ETC: Embedded System Design Starts Here
February 08, 2019
Why should you be interested in the Embedded Technologies Conference? It goes to the heart of embedded computing.
There’s no shortage of technical conferences in our space. Heck, it seems like there’s one every week in Silicon Valley. So why should you be interested in the Embedded Technologies Conference, aka ETC, June 25-27 at the San Jose Convention Center? For one, it goes to the heart of embedded computing, as some of its classes cover topics like Coding Tricks and Techniques, and RTOS 101 or how to choose the right RTOS for your application. Each of these three-hour classes is taught by a well-known expert in the field.
Another class covers the often-confusing low-power WAN technology. This medium has more potential than people realize, particularly when it comes to smart-building and smart-city design. Each of the popular technologies will be represented, including LoRaWAN, Sigfox, and NB-IoT. A panel session wraps up the day, where you can get your questions answered.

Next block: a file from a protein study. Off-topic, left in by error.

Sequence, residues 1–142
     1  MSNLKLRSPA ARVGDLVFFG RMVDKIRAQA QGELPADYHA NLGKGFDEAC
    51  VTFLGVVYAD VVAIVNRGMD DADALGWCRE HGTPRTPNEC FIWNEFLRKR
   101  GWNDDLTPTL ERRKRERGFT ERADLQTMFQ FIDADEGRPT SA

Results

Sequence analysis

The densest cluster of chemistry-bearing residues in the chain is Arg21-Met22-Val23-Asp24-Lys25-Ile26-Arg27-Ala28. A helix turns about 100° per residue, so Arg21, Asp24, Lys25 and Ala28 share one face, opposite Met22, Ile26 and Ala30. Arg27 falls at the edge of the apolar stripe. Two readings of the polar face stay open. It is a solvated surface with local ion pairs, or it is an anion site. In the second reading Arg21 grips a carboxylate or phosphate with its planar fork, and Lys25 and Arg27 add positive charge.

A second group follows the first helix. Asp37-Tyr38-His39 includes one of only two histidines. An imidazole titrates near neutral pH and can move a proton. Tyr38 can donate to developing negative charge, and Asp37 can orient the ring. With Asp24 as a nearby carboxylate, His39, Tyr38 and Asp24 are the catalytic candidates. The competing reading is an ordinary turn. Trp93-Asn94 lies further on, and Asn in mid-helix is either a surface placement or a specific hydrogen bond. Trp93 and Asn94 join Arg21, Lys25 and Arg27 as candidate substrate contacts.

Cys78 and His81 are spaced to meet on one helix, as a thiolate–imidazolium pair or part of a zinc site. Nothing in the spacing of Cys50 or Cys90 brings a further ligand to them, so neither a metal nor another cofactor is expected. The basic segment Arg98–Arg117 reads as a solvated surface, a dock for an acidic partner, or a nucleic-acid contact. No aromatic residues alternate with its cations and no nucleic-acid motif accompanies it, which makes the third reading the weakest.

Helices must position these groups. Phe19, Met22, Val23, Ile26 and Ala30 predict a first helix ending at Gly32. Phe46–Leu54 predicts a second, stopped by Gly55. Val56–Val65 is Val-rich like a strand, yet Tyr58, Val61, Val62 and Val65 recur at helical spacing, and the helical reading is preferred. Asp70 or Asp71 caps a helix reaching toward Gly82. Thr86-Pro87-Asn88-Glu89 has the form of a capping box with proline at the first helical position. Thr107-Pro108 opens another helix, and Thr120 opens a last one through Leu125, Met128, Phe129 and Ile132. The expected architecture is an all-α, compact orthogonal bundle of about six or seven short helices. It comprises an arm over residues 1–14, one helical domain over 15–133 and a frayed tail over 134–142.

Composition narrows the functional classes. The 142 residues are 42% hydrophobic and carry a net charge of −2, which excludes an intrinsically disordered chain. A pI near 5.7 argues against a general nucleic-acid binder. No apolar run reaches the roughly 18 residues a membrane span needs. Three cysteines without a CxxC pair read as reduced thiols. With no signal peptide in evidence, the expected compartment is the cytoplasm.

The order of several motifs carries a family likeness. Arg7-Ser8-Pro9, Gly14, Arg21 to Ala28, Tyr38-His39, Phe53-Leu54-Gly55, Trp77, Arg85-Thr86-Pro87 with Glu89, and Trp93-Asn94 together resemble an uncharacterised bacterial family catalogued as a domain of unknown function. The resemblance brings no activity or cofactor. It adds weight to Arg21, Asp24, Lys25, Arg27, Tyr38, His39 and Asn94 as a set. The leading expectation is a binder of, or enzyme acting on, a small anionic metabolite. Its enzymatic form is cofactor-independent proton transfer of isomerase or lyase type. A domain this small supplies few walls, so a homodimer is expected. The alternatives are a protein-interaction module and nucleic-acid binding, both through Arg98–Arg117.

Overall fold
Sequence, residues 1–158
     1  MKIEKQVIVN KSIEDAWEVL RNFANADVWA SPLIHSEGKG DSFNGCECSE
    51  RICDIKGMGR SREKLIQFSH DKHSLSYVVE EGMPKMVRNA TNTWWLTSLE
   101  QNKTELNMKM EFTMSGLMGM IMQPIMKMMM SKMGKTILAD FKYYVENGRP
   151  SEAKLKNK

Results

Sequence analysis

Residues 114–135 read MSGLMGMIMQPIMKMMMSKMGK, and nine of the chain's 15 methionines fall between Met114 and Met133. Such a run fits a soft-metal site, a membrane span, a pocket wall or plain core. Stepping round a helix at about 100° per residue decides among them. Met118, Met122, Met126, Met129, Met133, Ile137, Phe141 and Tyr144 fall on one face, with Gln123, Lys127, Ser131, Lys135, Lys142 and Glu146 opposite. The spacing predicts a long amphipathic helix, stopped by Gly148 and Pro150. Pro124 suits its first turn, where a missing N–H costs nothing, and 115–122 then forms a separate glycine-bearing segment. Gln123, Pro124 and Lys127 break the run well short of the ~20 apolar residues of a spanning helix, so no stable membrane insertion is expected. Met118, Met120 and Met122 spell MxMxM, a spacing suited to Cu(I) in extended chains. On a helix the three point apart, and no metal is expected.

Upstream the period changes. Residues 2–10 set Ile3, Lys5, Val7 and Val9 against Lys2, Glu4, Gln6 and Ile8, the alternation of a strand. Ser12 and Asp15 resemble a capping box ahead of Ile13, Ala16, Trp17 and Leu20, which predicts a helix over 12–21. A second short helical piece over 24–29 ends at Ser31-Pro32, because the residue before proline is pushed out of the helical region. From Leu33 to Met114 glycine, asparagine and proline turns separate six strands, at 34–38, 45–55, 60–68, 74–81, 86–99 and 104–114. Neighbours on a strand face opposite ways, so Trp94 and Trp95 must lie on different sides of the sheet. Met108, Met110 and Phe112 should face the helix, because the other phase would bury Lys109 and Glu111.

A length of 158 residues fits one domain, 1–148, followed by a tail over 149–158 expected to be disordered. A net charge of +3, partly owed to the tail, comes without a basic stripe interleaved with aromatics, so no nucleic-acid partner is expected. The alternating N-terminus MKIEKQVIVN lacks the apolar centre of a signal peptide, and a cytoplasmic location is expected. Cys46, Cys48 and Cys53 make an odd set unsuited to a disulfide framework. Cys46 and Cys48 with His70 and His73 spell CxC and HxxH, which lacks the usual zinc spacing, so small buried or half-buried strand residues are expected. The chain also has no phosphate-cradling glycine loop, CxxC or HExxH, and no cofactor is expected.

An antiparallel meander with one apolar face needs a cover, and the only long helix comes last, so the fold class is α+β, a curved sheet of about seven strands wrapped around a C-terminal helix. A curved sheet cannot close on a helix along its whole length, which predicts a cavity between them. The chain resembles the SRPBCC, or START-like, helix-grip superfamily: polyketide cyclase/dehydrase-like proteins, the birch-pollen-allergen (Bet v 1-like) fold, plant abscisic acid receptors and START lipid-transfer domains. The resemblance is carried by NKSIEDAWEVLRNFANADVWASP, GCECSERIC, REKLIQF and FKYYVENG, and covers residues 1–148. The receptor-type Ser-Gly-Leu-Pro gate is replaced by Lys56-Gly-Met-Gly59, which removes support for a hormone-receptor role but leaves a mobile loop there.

Do you have security on your mind? (If not, why not?) Great, because we’ve got you covered with our Security Bootcamp. Because security must be considered early in the definition and engineering cycles of devices, software, and services, we’ll go through the process of developing a secure IoT product. This includes codes of practice, device architectures, development tools, and the manufacturing process.
Rounding out the workshop schedule is a class on Digital & Analog Power Solutions for Embedded Systems. Analog in particular is a dying art, yet it’s found in every embedded system that’s designed and manufactured. You don’t necessarily have to be an expert in this field, but you need to know what you need to know, and that’s what you’ll learn here. For example, the power subsystem can provide opportunity for reducing system size/cost/weight, improving efficiency, and enabling functionality. To take advantage of these capabilities, you need a foundation of the power system needs, which is precisely what you’ll learn here.